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Says it well enough...

that maybe, just maybe, the claims from the left of "no media bias" will be quieted for a little while (could be longer but we must take into account their attention span).

Alleged atrocities
Staining the military evidently acceptable

The letter to the editor published July 12 from Daniel P. Draheim wonders where the outrage is over the accusation of rapes in Iraq.

I want to assure Draheim that when things like this occur no one is more outraged than the average soldier here on the ground. Draheim is correct in asserting that such events make the job of soldiers here infinitely more difficult. And yet Draheim falls victim to the same mistake as many on the political left do, as do so many in the mainstream media so eager to minimize our efforts: He lumps Haditha into the mix of atrocities committed by U.S. soldiers and yet no one has been tried and convicted over the alleged act.

Sad are the times we live in when the press can try and convict the military for an alleged act and hang it around their neck before the investigation is even completed. Staining the military, the overall effort in Iraq and the honor of military service is evidently acceptable in the interest of a political gain.

The people here on the ground largely understand why we are here. They understand after three elections and countless lives lost ? both Iraqi and allied ? whose side we're on. Thanks to media that print and broadcast only the bad news of Iraq, it's probably easy to assume that's all there is. I came here to see it for myself and there is a huge disconnect between what the news services see fit to print and what's really happening on the ground.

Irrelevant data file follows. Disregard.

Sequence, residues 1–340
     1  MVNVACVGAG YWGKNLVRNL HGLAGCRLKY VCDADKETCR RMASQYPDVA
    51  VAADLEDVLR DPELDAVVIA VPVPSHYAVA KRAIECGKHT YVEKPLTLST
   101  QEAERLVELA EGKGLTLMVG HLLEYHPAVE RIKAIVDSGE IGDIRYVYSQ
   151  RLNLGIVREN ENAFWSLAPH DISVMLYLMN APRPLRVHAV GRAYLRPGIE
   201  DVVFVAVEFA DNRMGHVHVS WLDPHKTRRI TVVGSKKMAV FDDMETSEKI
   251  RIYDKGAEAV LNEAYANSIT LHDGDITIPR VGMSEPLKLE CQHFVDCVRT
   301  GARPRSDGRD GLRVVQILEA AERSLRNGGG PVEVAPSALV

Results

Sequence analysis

If history is left only to the U.S. media lackeys to judge, then yes, we'll likely be painted as immoral monsters. But let me assure you, throughout my travels in the Middle East, that's not the view at large. Of course, much rests in how Iraq turns out in the long run, but the vast majority of military men and women here uphold their end with honor and integrity.

? John Gamash, Camp Buehring (Udairi AAF), Kuwait


Really hard to deny that he is right (except for those few who already think all things military are bad and that the media "only reports the news").

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(NT) (NT) well look atmurtha he has them tried and hung

In reply to: Says it well enough...

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No, No one has been tried and convicted -- YET.

In reply to: Says it well enough...

But as you well know, Ed, reliable Pentagon sources speaking to the media "on background" have left no doubt as to the general truth of the charges; the delay is largely trying to make sure the JAG folks know precisely who was (and who wasn't) involved before bringing all the charges (I believe some have in fact now been brought). This letter is holding onto the (sadly forlorn) hope that the reports of the atrocity are inaccurate, and that's clearly not the case.

-- Dave K, Speakeasy Moderator
click here to email semods4@yahoo.com

The opinions expressed above are my own,
and do not necessarily reflect those of CNET!

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thats right dk guilty b4 trial

In reply to: No, No one has been tried and convicted -- YET.